The community lies just to the northeast of the Oquirrh Mountains and is directly south of the Great Salt Lake. According to estimates from the Kem C. Gardn
State schools are primary or secondary schools mandated for or offered to all children without charge, funded in whole or in part by taxation. While such schools are to be found in every country, there are significant variations in their structure and educational programs. State education encompasses primary and secondary education, as well as post-secondary educational institutions such as universities and technical schools that are funded and overseen by government rather than by private entities; the position before there were government-funded schools varied: in many instances there was an established educational system which served a significant, albeit elite, sector of the population. The introduction of government-organised schools was in some cases able to build upon this established system, both systems have continued to exist, sometimes in a parallel and complementary relationship and other times less harmoniously. State education is inclusive, both in its treatment of students and in that enfranchisement for the government of public education is as broad as for government generally.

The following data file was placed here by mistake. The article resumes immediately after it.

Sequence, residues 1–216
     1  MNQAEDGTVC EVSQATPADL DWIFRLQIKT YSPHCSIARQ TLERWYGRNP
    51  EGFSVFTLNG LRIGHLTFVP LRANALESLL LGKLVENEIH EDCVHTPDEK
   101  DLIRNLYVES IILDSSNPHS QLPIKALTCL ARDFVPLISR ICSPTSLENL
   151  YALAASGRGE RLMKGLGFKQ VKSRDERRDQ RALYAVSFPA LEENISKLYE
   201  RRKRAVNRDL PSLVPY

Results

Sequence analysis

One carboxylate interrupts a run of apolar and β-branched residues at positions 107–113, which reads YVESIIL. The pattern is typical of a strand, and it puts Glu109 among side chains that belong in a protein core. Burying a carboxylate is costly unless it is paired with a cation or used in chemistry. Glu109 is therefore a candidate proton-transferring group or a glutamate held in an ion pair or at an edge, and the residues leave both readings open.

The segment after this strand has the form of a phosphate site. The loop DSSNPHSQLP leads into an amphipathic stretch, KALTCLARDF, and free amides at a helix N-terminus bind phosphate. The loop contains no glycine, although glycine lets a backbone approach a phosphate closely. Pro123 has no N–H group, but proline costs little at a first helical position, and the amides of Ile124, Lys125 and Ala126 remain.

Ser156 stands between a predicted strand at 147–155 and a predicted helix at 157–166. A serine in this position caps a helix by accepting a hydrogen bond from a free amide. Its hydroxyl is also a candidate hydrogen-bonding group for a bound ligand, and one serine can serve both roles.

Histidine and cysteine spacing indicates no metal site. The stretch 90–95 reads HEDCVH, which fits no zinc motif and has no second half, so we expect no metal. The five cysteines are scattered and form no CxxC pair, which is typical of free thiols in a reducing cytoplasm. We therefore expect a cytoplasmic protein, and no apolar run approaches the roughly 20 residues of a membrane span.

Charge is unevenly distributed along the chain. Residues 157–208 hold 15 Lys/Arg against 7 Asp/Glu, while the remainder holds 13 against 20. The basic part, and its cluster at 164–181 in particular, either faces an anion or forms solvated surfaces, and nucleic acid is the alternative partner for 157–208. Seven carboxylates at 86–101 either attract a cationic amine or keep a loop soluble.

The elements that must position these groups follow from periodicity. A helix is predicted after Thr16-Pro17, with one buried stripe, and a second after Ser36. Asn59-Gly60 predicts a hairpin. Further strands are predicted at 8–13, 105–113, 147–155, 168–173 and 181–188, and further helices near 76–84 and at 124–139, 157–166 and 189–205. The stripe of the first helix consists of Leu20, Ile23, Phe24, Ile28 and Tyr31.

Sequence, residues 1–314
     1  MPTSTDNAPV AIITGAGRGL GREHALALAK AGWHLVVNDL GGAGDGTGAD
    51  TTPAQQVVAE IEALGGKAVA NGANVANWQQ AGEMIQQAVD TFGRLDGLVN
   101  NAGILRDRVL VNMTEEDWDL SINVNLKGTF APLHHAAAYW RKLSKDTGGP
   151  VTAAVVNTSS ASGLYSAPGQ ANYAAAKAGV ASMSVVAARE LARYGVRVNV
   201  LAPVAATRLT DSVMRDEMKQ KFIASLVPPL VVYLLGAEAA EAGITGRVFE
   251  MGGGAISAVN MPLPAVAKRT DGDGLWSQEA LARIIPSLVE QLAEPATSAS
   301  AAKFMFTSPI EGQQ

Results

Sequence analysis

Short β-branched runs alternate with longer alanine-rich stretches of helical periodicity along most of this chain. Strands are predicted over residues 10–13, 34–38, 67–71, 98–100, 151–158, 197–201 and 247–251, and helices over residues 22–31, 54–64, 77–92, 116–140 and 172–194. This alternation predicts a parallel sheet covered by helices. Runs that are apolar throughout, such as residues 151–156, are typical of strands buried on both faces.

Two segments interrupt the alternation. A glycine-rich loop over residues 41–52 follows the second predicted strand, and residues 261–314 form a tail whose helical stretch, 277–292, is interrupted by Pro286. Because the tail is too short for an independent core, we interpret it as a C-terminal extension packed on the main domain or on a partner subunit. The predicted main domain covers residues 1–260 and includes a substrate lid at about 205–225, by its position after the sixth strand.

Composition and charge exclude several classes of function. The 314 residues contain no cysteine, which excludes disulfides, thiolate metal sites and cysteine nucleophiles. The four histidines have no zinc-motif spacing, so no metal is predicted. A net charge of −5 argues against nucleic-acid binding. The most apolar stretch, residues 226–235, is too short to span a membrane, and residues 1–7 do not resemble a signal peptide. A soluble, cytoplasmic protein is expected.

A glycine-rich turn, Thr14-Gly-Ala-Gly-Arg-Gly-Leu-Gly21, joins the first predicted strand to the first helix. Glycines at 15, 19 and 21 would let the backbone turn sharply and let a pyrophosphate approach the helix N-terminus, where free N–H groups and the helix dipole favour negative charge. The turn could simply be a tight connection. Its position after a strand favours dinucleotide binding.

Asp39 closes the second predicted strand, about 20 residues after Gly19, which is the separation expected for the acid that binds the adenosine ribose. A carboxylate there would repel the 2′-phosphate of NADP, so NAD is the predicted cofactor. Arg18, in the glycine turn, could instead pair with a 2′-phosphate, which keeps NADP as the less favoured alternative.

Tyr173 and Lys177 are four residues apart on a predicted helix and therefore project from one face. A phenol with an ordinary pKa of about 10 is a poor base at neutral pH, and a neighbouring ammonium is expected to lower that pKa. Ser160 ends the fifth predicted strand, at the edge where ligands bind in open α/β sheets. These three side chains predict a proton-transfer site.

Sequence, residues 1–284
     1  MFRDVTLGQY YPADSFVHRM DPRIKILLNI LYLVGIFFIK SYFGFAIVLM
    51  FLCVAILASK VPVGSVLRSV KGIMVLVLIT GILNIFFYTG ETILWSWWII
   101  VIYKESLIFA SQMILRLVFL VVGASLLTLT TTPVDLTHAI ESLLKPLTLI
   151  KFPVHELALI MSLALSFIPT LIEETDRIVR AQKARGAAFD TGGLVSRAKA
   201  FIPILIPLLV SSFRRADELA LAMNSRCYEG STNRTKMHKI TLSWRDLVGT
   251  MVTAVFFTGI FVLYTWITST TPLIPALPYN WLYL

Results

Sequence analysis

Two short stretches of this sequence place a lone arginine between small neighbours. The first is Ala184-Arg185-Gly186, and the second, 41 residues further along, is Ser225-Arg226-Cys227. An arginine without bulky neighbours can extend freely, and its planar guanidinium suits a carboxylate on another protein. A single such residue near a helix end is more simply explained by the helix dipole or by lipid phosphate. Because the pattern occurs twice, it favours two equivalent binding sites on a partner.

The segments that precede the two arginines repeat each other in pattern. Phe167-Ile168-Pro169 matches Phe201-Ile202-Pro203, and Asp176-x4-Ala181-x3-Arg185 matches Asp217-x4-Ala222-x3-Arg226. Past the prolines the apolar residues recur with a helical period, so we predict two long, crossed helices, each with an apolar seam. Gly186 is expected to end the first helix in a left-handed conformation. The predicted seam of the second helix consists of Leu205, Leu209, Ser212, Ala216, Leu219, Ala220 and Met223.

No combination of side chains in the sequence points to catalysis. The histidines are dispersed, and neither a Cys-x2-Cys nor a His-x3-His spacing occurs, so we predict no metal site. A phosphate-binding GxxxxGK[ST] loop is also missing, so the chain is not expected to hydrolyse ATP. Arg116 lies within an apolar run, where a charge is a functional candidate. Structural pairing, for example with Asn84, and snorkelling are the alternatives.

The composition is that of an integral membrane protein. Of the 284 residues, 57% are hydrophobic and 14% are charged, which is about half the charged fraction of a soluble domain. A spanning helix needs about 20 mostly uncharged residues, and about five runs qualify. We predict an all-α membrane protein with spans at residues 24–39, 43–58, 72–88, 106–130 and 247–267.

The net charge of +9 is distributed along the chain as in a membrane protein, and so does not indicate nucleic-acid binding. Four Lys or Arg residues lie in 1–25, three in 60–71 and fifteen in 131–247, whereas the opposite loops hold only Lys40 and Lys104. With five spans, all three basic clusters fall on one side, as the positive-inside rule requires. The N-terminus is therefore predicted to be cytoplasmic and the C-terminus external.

It is organised and operated to be a deliberate model of the civil community in which it functions. Although provided to groups of students in classrooms in a central school, it may be provided in-home, employing visiting teachers, and/or supervising teachers, it can be provided in non-school, non-home settings, such as shopping mall space. State education is available to all. In most countries, it is compulsory for children to attend school up to a certain age, but the option of attending private school is open to many. In the case of private schooling, schools operate independently of the state and defray their costs by charging parents tuition fees; the funding for state schools, on the other hand, is provided by tax revenues, so that individuals who do not attend school help to ensure that society is educated. In poverty stricken societies, authorities are lax on compulsory school attendance because child labour is exploited, it is these same children whose income-securing labour cannot be forfeited to allow for school attendance.